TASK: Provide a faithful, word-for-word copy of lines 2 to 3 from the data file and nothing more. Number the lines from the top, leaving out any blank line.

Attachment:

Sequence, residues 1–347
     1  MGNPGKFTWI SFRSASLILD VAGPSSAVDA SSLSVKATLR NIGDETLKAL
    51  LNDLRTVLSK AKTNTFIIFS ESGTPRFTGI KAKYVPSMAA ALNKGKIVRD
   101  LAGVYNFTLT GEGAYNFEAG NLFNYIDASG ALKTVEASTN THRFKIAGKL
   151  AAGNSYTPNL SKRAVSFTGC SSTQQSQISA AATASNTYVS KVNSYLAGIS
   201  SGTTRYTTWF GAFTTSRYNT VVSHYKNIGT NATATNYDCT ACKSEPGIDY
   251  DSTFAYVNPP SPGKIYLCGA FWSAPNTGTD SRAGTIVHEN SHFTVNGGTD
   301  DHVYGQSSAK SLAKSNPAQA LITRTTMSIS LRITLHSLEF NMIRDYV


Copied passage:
     1  MGNPGKFTWI SFRSASLILD VAGPSSAVDA SSLSVKATLR NIGDETLKAL
    51  LNDLRTVLSK AKTNTFIIFS ESGTPRFTGI KAKYVPSMAA ALNKGKIVRD